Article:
Report Brings Attention to Troubling Price of Pregnancy in the U.S.
Epidural: $750. Thirty-minute fetal heart scan: $2,775. One day in the hospital: $6,000. Giving birth in the most expensive healthcare system in the world: Priceless?
The New York Times published a shocking report Monday revealing a critical but often overlooked flaw in our healthcare system: maternity care. A study cited in the article estimates that, on average, the total costs associated with a single childbirth reach about $30,000 for a vaginal delivery, and $50,000 for a C-section. With about four million births occurring in the U.S. each year, that's a $50 billion industry.
Future moms and dads can pay hundreds of dollars for just minutes of a doctor's time, or be charged exorbitant amounts for standard medical supplies and outdated equipment. On top of that, misleading price estimates often lead parents-to-be to agree to procedures that are both unnecessary and overpriced. American healthcare plans often don't cover these expenses, and the ones that do still leave patients with significant co-pays. Women whose healthcare plans do cover maternity care are now paying up to four times more out-of-pocket than they would have just ten years ago.
Breaking the bank in order to have a baby is a relatively new phenomenon in the States. The ballooning costs of pregnancy procedures in the last twenty or so years can be largely explained by the new practice of parceling up services into separate item-by-item charges. The list of expenses can grow so long that many exhausted parents-to-be don't even have the will or the energy to question the bill.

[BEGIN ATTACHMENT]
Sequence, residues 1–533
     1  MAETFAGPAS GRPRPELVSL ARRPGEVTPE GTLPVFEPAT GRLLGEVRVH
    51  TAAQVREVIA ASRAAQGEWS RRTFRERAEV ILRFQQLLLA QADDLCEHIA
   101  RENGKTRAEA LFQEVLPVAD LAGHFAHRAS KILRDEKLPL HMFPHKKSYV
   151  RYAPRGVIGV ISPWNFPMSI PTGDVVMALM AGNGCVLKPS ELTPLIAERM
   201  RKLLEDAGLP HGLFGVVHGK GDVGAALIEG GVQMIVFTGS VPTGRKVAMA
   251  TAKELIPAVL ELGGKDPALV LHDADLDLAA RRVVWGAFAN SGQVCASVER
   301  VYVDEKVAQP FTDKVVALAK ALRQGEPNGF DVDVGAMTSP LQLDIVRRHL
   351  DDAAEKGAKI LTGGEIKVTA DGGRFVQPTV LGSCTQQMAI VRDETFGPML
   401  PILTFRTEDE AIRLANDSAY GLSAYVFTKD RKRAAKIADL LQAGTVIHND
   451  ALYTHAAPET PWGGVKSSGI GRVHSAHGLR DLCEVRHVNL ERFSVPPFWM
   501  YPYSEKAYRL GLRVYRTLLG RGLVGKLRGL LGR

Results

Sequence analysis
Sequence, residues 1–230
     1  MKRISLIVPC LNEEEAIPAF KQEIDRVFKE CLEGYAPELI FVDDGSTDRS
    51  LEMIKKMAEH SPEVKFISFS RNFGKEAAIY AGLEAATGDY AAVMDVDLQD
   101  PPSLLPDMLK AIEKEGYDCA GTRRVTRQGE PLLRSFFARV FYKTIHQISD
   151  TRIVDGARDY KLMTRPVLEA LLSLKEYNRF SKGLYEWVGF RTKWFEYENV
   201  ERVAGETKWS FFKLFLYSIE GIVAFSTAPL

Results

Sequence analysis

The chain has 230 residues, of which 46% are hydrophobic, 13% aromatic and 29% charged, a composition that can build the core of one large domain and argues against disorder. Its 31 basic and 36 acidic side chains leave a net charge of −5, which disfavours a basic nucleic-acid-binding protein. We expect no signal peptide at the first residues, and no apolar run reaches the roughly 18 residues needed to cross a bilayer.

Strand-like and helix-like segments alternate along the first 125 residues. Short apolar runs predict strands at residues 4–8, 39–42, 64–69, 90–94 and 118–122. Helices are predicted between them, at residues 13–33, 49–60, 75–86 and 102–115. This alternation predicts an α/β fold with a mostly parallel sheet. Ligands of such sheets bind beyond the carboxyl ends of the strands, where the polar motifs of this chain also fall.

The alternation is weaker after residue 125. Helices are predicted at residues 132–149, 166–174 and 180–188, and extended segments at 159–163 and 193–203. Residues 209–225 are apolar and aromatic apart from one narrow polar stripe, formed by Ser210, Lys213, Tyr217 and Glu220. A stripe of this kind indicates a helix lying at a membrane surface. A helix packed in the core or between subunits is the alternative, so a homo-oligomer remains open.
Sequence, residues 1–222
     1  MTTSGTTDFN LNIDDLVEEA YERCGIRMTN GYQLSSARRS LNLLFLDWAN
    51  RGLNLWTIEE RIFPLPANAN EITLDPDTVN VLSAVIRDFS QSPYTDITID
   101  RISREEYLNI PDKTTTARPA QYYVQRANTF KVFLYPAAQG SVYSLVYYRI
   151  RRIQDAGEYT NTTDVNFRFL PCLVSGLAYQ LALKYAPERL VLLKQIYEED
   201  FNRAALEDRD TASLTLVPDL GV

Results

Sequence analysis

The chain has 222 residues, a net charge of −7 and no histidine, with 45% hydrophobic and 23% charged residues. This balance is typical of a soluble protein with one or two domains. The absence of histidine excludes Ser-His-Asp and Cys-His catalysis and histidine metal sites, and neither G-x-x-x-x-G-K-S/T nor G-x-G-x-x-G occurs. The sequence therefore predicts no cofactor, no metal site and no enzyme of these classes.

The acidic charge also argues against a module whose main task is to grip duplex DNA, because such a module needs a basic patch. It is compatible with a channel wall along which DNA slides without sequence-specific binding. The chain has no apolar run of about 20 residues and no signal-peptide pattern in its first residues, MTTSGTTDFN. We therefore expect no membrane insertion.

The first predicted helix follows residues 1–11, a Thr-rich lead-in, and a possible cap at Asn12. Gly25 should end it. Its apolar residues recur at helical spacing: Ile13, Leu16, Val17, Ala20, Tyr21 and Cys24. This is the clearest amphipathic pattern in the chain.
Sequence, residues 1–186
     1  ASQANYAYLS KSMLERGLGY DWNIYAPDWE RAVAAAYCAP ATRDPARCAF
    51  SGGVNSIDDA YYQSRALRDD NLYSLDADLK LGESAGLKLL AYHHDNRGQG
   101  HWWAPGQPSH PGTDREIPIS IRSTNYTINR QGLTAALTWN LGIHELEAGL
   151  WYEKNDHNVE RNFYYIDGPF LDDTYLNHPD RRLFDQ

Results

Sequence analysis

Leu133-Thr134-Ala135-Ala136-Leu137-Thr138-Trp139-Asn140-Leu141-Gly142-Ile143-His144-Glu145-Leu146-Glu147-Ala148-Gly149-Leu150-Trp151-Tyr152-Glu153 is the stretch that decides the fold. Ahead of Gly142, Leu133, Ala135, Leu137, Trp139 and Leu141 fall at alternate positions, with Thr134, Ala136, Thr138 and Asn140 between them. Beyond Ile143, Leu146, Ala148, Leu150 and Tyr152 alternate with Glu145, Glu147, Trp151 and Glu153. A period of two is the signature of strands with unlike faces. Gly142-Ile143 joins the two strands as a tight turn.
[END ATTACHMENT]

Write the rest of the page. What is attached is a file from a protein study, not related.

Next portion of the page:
Our system is also markedly inefficient compared to other developed countries. In much of Europe, midwife-assisted births are commonplace. These no-frills services are far cheaper than the endless medical procedures American doctors tend to recommend, and manage to give mothers a sense of personal care often lost in the American hospital system. Worse yet, despite our extra spending, the U.S. has one of the highest rates of maternal deaths amongst industrialized nations.
Combine all that with the fact that the U.S. remains one of the only countries in the world that does not mandate a single day of paid maternity or paternity leave, and well, you have a problem. As usual, leave it to the Scandinavians to get this one right.
To learn more, Bustle recommends checking out The Business of Being Born :